MANILA - Terror groups engaging government forces in a protracted battle in Marawi City may have "political" motives.
A Supreme Court justice said this Tuesday as the High Tribunal held oral arguments on petitions against President Rodrigo Duterte's declaration of martial law over Mindanao after clashes broke out between state forces and the Islamic State-linked Maute and Abu Sayyaf groups in Marawi City on May 23.
"We are living in modern times. We cannot use the standard used many, many years ago... Terrorism now is being used to achieve a political objective," Justice Teresita Leonardo-De Castro said during the first day of oral arguments, where justices heard the petitioners.
"I don't think terrorists are sowing terror just for the sake of sowing terror. It could be that they are doing these to overthrow [the] duly constituted government," she said.
De Castro made her point as petitioners argued that terrorism does not satisfy the Constitution's definition of rebellion.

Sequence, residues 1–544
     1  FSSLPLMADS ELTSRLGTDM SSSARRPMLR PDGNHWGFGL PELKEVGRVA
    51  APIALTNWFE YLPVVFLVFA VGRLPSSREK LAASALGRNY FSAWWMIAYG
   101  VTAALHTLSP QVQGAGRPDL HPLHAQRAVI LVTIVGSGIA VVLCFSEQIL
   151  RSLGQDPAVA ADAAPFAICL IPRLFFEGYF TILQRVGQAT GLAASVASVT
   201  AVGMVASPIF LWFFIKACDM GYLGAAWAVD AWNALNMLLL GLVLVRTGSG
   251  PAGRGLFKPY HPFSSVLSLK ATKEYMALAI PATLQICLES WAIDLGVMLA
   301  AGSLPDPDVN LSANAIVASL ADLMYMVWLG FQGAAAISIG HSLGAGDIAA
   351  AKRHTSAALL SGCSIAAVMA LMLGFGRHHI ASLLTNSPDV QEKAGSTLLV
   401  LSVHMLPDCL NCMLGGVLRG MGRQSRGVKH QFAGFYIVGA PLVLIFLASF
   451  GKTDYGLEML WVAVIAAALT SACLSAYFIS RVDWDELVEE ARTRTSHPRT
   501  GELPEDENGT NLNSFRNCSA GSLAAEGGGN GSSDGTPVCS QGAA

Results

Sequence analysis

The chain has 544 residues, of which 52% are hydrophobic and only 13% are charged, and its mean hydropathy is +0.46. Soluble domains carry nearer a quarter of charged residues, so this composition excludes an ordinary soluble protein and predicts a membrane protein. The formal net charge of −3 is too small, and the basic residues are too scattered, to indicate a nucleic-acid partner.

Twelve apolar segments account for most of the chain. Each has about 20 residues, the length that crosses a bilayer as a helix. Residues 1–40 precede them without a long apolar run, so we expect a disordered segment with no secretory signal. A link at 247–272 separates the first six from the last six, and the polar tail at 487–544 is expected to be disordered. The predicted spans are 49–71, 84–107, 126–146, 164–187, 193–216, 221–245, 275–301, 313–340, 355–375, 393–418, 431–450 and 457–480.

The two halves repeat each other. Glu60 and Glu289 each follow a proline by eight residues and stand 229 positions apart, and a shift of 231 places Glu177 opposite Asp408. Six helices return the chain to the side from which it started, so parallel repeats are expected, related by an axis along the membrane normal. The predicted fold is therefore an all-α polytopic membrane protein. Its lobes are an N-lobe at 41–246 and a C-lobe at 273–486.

"If there is a political objective to overthrow the government, that would fall under rebellion," the magistrate said.
The executive branch had cited rebellion as the basis of President Rodrigo Duterte's declaration of martial law in Mindanao, saying the terror groups sought to create an Islamic State province in Mindanao.
Under Article 134 of the Revised Penal Code, "rebellion or insurrection is committed by rising publicly and taking arms against the government for the purpose of removing from the allegiance to said Government or its laws the territory of the Philippine Islands or any part thereof, of any body of land, naval or other armed forces, depriving the Chief Executive or the Legislature, wholly or partially, of any of their powers or prerogatives."
Marlon Manuel, counsel for four Marawi women who petitioned Duterte's declaration, conceded to De Castro's observation but maintained that the declaration of martial law was unnecessary regardless of the terrorists' motives.
"The point, your honor, is regardless of the nature of the Maute group, martial law should be the last resort... The police and military can pursue the Maute group without martial law," Manuel said.
"Military might can be exercised without the imposition of martial law or the suspension of the writ of habeas corpus," he added.
As of Monday, 286 have died in the Marawi City gunfights, among them 202 terrorists, 58 government troops and 26 civilians. more than 200,000 residents have meanwhile fled the fighting.